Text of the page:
News from Selected Category

How many people have access to clean and safe water? Where do they get it from and how much do they pay for it? A report by the World Health Organisation/Unicef Joint Monitoring Programme delves into data on drinking water from the last 17 years to give a detailed view of the state of access to drinking water today.

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Show your support for the vital role science plays in our health, safety, economies and governments by joining in the Earth Day March for Science.

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Come work for clean water! Want to protect Lake Champlain's health and accessibility? Have a passion for both policy and field work? Are you a persuasive communicator of scientific and technical information? Direct your skills and energy to protecting the health and accessibility of Lake Champlain as LCC's Director of Science & Water Programs.

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Dear Lake friends,

As someone who cares about clean water, are you willing to make one phone call? This week, the Vermont House will make key decisions about whether and how to address the $62.4 million annual investment needed to protect and restore our waterways. Please take a moment to call your legislators today and let them know you want them to invest in water clean-up now.

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The White House is proposing to slash the Environmental Protection Agency's (EPA) budget by 25%. The $2 billion cut from EPA's budget of $8.14 billion represents a mere .05% "savings" in the total federal budget. 

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For several years LCC has been raising awareness about tile drains and urging state agencies to focus more attention and regulatory scrutiny on them.

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Dr. David Strayer, freshwater ecologist at the Cary Institute of Ecosystem Studies, shares his thoughts about why any efforts to repeal the EPA rule that defines waters of the United States (WOTUS) should be resisted, especially if you care about the health of our nation's lakes, rivers, streams and wetlands.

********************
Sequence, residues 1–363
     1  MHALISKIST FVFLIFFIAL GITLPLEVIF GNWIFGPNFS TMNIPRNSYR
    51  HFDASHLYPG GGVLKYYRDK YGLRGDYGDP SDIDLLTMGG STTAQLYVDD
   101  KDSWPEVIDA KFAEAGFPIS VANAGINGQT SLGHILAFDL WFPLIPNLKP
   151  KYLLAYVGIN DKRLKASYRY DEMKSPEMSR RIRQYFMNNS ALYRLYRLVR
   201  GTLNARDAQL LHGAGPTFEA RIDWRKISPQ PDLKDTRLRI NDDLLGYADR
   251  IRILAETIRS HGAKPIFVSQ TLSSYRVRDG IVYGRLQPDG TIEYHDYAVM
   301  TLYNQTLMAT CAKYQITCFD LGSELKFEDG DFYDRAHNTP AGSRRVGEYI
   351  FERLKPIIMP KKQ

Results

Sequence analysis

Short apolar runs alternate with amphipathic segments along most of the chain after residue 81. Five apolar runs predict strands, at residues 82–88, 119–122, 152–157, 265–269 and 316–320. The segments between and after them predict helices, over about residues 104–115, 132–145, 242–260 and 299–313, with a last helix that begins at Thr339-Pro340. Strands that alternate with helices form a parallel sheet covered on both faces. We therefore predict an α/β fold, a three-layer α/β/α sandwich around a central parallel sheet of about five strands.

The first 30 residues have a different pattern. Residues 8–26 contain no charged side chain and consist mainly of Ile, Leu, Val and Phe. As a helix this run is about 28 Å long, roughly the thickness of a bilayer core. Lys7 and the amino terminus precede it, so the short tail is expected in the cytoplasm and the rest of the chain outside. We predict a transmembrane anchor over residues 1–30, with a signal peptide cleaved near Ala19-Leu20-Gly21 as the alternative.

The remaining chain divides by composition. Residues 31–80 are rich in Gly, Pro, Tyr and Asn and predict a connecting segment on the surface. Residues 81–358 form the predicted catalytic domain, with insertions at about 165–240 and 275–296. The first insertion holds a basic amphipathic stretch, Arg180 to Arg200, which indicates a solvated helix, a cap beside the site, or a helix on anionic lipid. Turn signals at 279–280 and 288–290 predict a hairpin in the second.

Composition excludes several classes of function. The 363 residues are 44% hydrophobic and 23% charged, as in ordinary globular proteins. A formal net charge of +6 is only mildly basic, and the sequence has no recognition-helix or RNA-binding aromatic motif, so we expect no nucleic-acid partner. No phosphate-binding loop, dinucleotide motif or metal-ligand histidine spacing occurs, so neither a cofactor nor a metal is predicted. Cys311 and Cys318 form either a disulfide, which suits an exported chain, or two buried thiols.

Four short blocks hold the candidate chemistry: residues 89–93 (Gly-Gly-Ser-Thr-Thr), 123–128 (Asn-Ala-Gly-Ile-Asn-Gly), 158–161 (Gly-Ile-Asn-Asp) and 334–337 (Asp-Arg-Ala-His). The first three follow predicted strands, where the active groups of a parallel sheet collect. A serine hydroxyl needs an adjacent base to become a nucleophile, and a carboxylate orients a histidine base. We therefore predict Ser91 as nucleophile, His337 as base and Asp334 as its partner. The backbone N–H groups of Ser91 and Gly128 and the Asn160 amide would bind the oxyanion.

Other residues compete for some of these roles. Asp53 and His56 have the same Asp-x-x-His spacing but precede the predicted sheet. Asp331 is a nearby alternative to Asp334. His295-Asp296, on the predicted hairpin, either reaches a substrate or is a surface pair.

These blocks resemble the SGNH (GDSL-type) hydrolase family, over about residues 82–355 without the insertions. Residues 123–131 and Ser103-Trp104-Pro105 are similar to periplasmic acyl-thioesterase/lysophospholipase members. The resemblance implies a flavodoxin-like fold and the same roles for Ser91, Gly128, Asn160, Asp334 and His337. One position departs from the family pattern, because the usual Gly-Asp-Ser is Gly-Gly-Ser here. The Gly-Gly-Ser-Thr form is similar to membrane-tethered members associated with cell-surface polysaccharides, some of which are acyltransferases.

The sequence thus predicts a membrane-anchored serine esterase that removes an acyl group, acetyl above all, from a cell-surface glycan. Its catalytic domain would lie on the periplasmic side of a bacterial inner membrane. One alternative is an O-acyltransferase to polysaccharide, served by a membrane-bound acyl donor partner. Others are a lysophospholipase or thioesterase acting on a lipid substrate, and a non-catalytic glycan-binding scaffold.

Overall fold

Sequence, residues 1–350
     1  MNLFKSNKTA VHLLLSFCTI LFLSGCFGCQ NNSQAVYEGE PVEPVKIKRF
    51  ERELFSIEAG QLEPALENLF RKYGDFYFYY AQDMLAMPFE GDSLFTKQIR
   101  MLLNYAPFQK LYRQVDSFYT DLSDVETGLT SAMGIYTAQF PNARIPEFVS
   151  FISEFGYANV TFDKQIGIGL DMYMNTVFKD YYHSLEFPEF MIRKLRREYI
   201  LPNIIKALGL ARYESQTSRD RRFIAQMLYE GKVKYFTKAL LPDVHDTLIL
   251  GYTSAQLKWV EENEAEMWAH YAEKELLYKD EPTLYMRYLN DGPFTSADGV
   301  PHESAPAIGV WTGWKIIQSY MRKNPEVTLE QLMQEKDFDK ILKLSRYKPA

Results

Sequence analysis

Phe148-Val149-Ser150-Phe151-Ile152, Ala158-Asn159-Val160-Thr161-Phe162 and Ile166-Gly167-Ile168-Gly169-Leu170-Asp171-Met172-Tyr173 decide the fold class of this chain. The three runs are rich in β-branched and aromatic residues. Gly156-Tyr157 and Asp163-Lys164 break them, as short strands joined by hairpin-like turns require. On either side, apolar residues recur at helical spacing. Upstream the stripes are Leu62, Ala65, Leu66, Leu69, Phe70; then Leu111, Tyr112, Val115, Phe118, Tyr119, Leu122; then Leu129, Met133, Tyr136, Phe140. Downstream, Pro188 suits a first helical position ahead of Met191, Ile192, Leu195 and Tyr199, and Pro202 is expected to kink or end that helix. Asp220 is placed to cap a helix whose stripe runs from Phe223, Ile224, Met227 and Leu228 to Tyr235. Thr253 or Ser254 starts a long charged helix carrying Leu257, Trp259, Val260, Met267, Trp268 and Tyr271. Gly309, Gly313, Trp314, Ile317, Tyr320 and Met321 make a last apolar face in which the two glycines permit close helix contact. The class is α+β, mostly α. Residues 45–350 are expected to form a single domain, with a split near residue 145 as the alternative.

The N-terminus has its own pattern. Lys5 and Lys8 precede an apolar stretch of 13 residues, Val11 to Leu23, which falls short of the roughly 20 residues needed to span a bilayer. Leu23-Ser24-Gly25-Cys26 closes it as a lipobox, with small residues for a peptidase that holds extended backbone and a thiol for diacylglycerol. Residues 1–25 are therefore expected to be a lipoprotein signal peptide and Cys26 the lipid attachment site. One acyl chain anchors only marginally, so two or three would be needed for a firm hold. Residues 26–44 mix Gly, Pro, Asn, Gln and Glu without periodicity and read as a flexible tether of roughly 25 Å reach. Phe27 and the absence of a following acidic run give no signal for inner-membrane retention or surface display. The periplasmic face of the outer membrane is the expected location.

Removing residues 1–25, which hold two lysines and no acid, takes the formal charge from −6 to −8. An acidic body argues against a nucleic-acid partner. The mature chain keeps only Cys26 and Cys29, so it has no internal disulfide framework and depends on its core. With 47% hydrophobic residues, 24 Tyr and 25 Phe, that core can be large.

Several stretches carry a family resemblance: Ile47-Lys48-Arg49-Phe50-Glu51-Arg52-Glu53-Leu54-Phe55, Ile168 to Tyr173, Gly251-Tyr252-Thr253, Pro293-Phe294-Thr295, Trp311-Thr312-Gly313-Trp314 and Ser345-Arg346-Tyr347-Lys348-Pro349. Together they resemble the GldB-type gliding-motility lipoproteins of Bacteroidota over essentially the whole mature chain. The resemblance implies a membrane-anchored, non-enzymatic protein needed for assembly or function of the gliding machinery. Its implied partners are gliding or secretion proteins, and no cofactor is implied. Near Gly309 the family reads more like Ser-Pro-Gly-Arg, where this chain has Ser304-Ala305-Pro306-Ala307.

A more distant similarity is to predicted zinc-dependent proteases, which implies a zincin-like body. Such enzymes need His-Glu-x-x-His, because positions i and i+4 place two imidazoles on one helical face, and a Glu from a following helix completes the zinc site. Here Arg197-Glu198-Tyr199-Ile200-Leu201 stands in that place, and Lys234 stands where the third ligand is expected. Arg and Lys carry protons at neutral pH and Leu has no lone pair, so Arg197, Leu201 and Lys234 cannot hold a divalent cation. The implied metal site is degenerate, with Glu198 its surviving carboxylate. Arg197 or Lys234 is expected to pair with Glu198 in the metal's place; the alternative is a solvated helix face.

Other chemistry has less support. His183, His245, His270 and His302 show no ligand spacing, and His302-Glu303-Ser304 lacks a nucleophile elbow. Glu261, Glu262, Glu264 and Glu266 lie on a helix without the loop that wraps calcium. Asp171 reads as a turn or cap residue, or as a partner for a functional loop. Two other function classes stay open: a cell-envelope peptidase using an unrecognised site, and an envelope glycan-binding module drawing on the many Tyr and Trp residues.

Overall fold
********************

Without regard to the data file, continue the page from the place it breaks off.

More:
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The Lake Champlain Committee (LCC) and environmental consulting firm Arrowwood Environmental (AE) won a competitive grant from the Lake Champlain Basin Program to continue our aquatic invasive species mapping and control project.

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The Vermont Citizens Advisory Committee (VT CAC) presented its annual Action Plan to the Vermont Legislature last week in a day-long series of meetings at the Vermont State House.

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Every month, the Vermont's Clean Water Initiative Program highlights a " Clean Water Superstar", species that help keep waters swimmable, drinkable, and fishable.

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The Vermont Legislature returned on January 4 with new faces and some changes in leadership. Mitzi Johnson of South Hero was elected Speaker of the House of Representatives and Senator Tim Ashe, representing Chittenden County, was elected President Pro Tempore of the Vermont Senate. Congratulations to them and good news for the Lake Champlain Basin, as there are now two leaders that understand firsthand the environmental impacts of the phosphorus pollution on the lake and the surrounding waters.

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The Lake Champlain Basin Program (LCBP), the Congressionally-designated initiative to restore and protect Lake Champlain and its watershed, seeks comments on Opportunities for Action (OFA)OFA maps out a plan for coordinated action by federal, state and provincial jurisdictions.

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Last month, LCC, the Conservation Law Foundation, Vermont Energy Investment Corporation, Vermont Natural Resources Council, and others called for Senators to vote against the appointment of Oklahoma Attorney General Scott Pruitt as EPA Administrator.

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Join us at Magic Hat Brewery on February 17 for a special tapping of Wee Heavy Champ -- a beer brewed for Lake Champlain!

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Every month, the Vermont's Clean Water Initiative Program highlights a "Clean Water Superstar", species that help keep waters swimmable, drinkable, and fishable. This month the spotlight is on mussels, the hardworking mollusks that filter algae, bacteria, and dead organic material out of the water. 

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Walden Pond is a 62-acre kettle pond in sand and gravel that formed around a block of melting glacial ice about 15,000 years ago. It was here that Thoreau produced one of the first maps of an American lake bed by lowering a weighted line through winter ice.

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